China Reform Agency To Boost Xi Jinping's Personal Power

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Xi Jinping (C) raises his glass during the 64th National Day reception at the Great Hall of the People in Beijing, Sept. 30, 2013.

China's much-vaunted reform program is more likely to lead to a tightening of President Xi Jinping's grip on power in the coming year than to a more constitutional form of government or freer markets, analysts said.

Xi told the nation in his New Year address via state media that the ruling Chinese Communist Party had  drawn a "grand blueprint for the country's future development," referring to the broadest economic reforms since the 1990s which were spelled out at the party's Central Committee’s Third Plenum in November.

The changes include loosening the one-child policy, increasing property rights for farmers and encouraging private investment in more industries.

"In 2014, we are expected to make new strides on the road of reform," Xi said in the address via state broadcasters.

Xi, who recently took over the task of steering the "working group" that will implement reforms from his premier Li Keqiang, appears to be moving to consolidate his personal power after assuming the presidency in March 2013, analysts said.

"They are just using the name 'reform' to set up another executive body containing a core of the central leadership, over and above the existing framework," Sweden-based current affairs commentator Li Yuanyue said.

"This will help Xi Jinping to consolidate his individual political power, and has nothing to do with reform."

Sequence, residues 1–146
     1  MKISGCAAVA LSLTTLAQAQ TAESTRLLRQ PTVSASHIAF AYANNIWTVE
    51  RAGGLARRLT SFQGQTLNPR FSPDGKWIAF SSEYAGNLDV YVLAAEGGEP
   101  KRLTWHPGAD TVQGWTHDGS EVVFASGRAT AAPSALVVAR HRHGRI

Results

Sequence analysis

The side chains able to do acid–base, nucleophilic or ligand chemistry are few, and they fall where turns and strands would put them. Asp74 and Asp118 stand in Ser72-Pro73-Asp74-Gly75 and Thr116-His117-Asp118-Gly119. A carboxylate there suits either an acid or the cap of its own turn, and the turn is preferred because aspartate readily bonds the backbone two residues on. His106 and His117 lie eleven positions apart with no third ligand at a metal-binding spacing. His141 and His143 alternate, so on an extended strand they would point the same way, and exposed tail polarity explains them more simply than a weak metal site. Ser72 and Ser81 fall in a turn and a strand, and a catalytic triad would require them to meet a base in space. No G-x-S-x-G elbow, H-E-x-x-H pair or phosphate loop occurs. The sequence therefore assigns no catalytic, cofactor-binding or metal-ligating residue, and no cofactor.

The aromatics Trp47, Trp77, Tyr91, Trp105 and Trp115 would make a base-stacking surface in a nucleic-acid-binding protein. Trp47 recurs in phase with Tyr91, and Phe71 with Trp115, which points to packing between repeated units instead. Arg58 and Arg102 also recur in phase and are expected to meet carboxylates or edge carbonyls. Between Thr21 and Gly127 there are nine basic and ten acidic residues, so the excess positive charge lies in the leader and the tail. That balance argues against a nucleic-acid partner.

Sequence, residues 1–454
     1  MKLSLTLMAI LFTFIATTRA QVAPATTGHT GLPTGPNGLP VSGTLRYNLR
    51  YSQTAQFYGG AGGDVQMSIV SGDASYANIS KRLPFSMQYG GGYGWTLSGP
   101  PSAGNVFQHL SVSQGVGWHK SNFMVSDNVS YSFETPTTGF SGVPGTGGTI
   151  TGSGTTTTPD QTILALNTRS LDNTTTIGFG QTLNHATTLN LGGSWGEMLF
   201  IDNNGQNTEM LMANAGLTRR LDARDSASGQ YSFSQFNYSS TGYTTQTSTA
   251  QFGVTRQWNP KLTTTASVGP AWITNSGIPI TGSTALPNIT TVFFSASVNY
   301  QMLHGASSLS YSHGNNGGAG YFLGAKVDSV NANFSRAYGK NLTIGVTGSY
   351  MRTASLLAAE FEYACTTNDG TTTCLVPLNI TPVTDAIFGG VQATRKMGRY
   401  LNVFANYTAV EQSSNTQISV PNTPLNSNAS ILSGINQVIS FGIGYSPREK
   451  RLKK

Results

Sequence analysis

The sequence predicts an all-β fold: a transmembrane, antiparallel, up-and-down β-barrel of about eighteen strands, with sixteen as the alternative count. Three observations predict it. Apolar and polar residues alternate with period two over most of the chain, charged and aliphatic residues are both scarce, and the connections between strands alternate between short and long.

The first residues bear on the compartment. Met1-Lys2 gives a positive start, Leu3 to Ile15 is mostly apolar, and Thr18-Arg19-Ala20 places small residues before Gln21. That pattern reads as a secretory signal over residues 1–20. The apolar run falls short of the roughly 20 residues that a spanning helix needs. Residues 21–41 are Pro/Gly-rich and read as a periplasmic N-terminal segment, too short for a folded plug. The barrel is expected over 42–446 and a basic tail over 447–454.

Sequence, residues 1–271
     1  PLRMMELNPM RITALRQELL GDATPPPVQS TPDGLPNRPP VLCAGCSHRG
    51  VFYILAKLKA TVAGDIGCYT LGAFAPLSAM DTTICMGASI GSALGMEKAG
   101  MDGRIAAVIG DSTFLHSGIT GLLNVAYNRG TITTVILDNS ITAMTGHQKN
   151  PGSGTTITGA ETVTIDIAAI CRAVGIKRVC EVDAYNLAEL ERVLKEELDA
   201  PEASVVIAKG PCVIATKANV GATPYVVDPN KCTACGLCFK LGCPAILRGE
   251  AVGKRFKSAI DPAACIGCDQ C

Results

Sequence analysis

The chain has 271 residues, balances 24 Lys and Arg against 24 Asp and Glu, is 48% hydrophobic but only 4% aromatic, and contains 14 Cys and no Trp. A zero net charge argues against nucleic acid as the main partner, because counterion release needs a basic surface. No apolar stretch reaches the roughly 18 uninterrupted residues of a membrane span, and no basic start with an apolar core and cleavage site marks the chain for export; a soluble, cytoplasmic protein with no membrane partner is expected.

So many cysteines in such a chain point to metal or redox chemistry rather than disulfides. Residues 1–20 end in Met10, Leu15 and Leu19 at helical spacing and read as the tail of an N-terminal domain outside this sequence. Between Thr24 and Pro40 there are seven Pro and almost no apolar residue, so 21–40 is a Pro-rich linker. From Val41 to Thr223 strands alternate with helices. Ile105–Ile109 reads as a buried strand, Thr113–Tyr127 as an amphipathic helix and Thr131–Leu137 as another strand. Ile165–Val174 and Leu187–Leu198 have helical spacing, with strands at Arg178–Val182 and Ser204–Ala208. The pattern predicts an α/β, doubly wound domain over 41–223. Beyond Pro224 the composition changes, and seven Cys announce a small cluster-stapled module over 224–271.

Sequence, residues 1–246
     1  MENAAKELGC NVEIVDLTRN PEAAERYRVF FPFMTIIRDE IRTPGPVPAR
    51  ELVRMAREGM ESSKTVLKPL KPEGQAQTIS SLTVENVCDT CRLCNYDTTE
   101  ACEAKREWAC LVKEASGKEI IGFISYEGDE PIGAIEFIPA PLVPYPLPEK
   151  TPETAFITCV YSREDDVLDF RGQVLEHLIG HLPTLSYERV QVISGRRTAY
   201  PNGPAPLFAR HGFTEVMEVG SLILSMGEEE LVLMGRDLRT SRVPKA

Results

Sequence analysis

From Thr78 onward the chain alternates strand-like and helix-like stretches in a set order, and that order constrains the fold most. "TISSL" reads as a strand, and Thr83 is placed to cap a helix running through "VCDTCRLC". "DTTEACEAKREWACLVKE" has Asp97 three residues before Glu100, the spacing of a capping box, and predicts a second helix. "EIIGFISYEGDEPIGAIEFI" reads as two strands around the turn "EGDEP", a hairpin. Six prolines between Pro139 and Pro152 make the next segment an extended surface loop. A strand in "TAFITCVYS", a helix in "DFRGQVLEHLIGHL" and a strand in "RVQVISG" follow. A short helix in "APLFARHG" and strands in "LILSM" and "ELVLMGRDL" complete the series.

Guide changes

The official Xinhua News Agency announced on Dec. 30 that Xi will head a reform leading group to guide changes agreed to at the Third Plenum.

But analysts said the "reforms" are still the instrument of an authoritarian regime that plans and controls every aspect of people's lives.

"I think what Xi's assumption of [this role] tells us is that the past 30 years of economic reform has been entirely a product of the party," said Beijing-based rights lawyer Chen Yongmiao, who edits the Hougaige website on reform.

"All of it has been an exercise organized by Chinese Communist Party leaders, and nothing to do with reform in the direction of freedom and democracy."

"It doesn't matter whether they are economic or other kinds of reform; they are all in line with party interests," he said.

Constitutional form of government

Chinese journalist Shi Tao, who was released last year after being sentenced to 10 years' imprisonment for "revealing state secrets," said he still hoped to work for a more constitutional form of government in China.

"I genuinely hope that our country can do better when it comes to democracy, freedom and the rule of law," said Shi, who was released 15 months ahead of schedule on Aug. 23.

"We really must face up to the reality that we live in."

Neglecting responsibility

Meanwhile, veteran democracy activist Wei Jingsheng, who now lives in the United States, hit out at Xi's administration for neglecting its responsibility to the Chinese people.

"The people are not sheep; they're not God's sheep and they're not the government's sheep," Wei said in a recent commentary broadcast on RFA's Mandarin Service.

"There should be a contractual relationship between the people and the government, which has its source in the constitution and the rule of law," said Wei, who served a total of 18 years in Chinese prisons for
"counterrevolutionary" activities before being released overseas on medical parole.

"The current government is in breach of that contract...and so society is now on the edge of collapse...on the even of a huge upheaval," he warned.

Reported by Wen Jian for RFA's Mandarin Service, and by Bi Zimo for the Cantonese Service. Translated and written in English by Luisetta Mudie.


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